FIGURE 14 Plot of vessel segment diameter vs. distance from the pulmonary arterial inlet for the principal pathway of a hypertensive rat lung imaged at high pressure. The lower plot shows the same relationship for the smaller daughter vessel segments branching immediately off the main trunk.

This shows a significant decrease in the arterial distensibility of the diseased lung, but no significant difference between the curve fit parameters. These early results demonstrate that arterial wall distensibility is significantly lower in hypertensive compared to normal pulmonary trees. Future studies will apply these methods to investigate the mechanisms involved in other models of pulmonary hypertension, and to studies of the relative efficacies of interventions designed to slow or reverse disease progression.

main trunk tapers fairly steadily from inlet to periphery, while small subtrees may branch off to perfuse proximal lung tissue volumes.

To measure biomechanical properties of the vessels, we obtain 3D reconstructions of each lung at a series of four intravascular pressures spanning the physiological range (30, 21, 12, and 4mm Hg). Thus, for every vessel segment measured, the diameter vs pressure relationship yields the vessel distensibility as percent diameter change per unit change in pressure (%/torr). Figure 15 shows projection images of a hypertensive rat lung obtained at four intra-arterial contrast agent pressures. The distension of the arteries at high pressure is clearly evident.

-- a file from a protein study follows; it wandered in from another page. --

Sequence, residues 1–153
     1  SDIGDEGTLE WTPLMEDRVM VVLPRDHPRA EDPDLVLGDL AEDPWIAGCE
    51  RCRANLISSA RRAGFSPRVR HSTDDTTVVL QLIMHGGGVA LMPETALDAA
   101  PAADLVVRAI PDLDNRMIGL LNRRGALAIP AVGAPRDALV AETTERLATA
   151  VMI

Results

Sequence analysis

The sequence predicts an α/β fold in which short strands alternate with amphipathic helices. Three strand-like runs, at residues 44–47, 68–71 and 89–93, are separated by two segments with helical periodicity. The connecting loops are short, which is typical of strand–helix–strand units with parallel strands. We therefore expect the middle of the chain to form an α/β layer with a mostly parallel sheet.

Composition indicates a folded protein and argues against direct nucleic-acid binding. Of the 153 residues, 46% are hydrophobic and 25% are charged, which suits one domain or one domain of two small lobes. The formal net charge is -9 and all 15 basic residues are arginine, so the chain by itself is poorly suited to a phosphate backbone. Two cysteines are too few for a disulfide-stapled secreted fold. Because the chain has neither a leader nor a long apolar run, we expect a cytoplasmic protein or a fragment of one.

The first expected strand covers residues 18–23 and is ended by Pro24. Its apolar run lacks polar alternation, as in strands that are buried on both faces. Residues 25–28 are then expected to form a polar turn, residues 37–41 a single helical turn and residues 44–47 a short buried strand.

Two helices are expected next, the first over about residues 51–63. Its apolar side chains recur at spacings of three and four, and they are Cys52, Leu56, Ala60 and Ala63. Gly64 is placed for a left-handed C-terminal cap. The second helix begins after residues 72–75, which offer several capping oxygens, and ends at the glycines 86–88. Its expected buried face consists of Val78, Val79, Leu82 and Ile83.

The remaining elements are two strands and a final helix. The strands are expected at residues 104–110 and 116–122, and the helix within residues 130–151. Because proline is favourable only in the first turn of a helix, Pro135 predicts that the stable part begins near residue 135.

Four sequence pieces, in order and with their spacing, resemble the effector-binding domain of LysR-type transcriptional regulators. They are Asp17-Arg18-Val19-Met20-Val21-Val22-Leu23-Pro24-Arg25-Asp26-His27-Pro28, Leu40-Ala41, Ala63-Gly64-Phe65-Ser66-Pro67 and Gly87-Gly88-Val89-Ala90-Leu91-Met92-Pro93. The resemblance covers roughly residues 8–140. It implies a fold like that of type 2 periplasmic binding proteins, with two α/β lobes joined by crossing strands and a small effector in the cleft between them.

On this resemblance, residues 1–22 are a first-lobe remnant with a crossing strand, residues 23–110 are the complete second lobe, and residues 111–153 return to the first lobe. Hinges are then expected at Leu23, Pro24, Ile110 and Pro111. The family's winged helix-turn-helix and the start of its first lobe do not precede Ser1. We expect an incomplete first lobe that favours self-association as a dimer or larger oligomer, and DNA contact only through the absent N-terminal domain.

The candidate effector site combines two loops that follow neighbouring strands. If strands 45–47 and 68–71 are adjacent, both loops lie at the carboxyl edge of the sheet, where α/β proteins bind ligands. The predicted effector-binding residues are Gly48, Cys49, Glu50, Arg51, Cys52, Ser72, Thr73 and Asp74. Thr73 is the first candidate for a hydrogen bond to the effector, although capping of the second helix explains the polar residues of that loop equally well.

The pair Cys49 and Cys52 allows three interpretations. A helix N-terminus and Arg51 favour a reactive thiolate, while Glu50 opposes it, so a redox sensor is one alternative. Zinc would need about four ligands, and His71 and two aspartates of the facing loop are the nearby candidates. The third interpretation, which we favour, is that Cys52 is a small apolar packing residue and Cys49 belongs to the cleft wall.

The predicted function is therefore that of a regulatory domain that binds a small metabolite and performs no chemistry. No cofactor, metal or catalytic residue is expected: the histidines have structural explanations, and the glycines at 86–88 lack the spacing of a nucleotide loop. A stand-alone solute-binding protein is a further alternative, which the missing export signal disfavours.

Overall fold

Figure 16 shows graphs similar to those in Fig. 14 for the main trunk of a normal lung imaged at low and relatively high pressures. The slopes, intercepts, and curvatures are clearly increased for the normoxic compared to the hypoxic lung, and for the normoxic lung at high compared to low pressure. From the diameter vs pressure relationships, we can calculate the distensibility (absolute or percent diameter change per torr) of the pulmonary arteries, either for individual vessel segments or for the tree as a whole. The results for a large number of individual vessel segments from several control and several hypertensive lungs are shown in Fig. 17, where distensibility is plotted for each vessel segment vs its diameter at the lowest pressure (4mm Hg). Though there is overlap in the data, the method seems to separate normal from hypertensive animals quite well. To calculate a global distensibility for the arterial tree in a single lung, the diameter (D) vs distance (x) data for all four pressures (P) is plotted as a three-dimensional graph as shown in Fig. 18. The data is then fitted with a surface of the form

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